A couple of further distinctions need to be stressed. There doesn’t seem to be a reason why essentially non-investigable things wouldn’t exist. If come up with a complex network of theories and concepts which account for all observable reality, that doesn’t logically rule out unobservable reality of which we can never know anything. There could also be things which can’t be investigated for other reasons, because they’re too influenced by observers for example or extend beyond any energy level human technology could produce in the case of elementary particles. Finally, there could be underdetermination. What if there were two incompatible theories of everything both of which took all observable data into consideration and were equally parsimonious? How could we choose between them?

Spin Is Not What It Seems

Nor is isospin, but then that’s less well-known.

Most of what people say about quantum physics focusses on things like entanglement, acausality and uncertainty, with a kind of mystical bent, but there’s also something else which most people ignore which is equally weird, and on top of that is something else again which is as weird too, if not even weirder. These two things are spin and its oddly- but appropriately-named sibling isospin.

It’s been said that if you think you understand quantum mechanics, it means you don’t. This may or may not be true and there are different opinions about what it actually means, but I would say this is also true of spin and isospin. I’ll deal with spin first.

If you hold a spinning gyroscope, you can feel the difficulty of shifting it from the direction its pointing. If it’s one of those small toy ones, it won’t wrench you off your feet but its rotation will be shifted into your body if you’re standing. In a swivel chair, a sufficiently large and massive rotating object will rotate the chair if you try to move the object into a different angle. This principle is useful, and is for example employed with rifle bullets, spacecraft and compasses to stabilise them. Whereas magnetic compasses are useless near the poles, gyrocompasses can float around as they move and will therefore continue to point north if they’ve been set up that way in the first place. A spacecraft will tumble unpredictably in space unless it’s stabilised in some way, and one way of doing so is to make it spin as it launches, which keeps it pointing in the same direction. This particular spin is often counteracted by ejecting something spinning in the opposite direction to ensure the spacecraft instruments or devices stay facing the requisite direction later on.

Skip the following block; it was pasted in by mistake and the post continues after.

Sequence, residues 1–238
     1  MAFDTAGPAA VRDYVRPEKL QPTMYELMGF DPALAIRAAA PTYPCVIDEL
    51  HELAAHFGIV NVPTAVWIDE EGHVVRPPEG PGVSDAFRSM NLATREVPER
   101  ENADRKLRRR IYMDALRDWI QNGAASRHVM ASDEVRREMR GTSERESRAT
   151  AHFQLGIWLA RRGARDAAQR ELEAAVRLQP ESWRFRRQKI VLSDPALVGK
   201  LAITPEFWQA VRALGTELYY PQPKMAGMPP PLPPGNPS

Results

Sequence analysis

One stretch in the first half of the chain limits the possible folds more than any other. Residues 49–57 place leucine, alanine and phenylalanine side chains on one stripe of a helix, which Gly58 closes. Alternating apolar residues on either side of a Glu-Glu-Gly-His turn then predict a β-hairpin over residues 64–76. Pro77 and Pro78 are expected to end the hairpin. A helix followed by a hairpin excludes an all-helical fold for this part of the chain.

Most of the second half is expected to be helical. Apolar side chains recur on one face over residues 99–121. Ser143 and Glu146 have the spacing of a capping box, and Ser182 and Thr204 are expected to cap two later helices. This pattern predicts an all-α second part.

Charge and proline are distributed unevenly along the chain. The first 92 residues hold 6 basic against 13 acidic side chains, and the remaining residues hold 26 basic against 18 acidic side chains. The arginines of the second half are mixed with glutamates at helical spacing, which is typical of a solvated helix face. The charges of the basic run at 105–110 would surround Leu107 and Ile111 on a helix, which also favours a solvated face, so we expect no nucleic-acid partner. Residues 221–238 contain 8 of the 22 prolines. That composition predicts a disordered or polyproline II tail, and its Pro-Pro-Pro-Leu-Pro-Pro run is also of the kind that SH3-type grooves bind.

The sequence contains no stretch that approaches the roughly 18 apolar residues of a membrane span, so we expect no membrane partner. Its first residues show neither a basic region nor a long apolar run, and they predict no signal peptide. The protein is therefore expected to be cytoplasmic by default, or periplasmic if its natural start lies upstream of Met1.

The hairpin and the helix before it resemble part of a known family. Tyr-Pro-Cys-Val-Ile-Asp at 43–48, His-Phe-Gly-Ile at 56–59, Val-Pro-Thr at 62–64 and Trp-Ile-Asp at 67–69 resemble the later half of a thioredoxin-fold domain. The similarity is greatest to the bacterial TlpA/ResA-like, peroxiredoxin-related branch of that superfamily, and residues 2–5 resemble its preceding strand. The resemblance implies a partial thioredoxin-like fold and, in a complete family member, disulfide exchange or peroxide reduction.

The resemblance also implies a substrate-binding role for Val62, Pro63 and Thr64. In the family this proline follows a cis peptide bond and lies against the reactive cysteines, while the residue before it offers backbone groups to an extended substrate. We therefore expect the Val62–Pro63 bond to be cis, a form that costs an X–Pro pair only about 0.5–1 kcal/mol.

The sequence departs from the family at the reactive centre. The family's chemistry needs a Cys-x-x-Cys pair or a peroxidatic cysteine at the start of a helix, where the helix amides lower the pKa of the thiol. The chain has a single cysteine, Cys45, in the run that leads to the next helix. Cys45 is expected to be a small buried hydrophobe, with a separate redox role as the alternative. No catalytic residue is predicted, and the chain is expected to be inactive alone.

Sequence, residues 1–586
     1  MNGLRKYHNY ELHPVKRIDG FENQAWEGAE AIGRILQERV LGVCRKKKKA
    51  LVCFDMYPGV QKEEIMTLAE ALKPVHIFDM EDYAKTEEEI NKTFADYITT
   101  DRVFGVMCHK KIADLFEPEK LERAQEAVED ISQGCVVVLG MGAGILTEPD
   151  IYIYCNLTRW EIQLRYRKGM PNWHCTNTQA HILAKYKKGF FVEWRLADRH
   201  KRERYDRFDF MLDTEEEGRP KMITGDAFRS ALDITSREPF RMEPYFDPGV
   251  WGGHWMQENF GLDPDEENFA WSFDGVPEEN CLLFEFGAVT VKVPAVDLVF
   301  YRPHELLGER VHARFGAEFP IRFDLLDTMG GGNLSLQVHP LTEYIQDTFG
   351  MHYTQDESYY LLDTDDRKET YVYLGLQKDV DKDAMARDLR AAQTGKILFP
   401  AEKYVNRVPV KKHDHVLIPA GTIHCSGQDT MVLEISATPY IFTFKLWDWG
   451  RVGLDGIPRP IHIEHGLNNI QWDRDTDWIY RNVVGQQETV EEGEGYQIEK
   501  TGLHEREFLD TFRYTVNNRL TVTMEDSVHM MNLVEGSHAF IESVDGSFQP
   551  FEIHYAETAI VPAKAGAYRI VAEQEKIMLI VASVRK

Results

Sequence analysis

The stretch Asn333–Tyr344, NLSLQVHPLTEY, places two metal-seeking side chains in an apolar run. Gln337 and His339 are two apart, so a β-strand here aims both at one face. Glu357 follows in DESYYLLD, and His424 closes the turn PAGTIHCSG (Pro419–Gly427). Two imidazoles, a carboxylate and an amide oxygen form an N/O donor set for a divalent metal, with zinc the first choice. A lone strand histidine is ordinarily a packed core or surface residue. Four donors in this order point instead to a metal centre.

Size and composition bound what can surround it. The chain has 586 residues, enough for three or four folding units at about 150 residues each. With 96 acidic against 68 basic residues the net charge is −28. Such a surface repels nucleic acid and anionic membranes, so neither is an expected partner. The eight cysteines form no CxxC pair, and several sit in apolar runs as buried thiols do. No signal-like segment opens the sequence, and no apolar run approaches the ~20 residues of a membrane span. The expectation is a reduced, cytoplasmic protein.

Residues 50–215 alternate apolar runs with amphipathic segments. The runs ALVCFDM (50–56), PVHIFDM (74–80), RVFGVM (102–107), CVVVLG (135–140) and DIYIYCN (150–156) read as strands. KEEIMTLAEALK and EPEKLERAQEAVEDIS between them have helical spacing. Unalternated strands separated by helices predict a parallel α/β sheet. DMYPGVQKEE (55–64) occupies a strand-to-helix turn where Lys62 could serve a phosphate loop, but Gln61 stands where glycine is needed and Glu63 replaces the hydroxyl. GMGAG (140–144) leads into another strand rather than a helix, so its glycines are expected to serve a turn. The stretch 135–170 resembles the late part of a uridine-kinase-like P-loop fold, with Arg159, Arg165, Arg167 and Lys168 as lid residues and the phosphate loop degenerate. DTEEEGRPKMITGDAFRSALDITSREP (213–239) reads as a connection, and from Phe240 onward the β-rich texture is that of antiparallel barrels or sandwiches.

These are all illustrations of angular momentum. Momentum in general is the tendency for an object to keep moving in the same way unless something stops it, that is, unless another force acts upon it. This is true of masses moving in straight lines, and of spinning masses. They will continue to spin in the same way around the same axis unless something acts on them to shift them or slow them down, and when this happens that momentum has to go somewhere as spin rather than in a straight line. This is called angular momentum.

We tend to think of atoms as consisting of nuclei surrounded by electrons in orbit around them: that is, rotating. Ferromagnetism happens when the atoms in a material are all lined up spinning in the same direction, and only applies to very few materials, notably iron but also cobalt and nickel. If you think of atoms as gyroscopes, which they are, what you’re doing when you magnetise something is shifting the axes of rotation of a load of gyroscopes, and that angular momentum shift has to go somewhere. And it does. If you suspend a piece of unmagnetised iron in space in zero gravity conditions, or more accessibly hang it from a thread, then apply a magnetic field to it, this will to some extent magnetise the block and shift the atoms, and it will start spinning. This is known as the Einstein-De Haas Effect. Yes, that Einstein.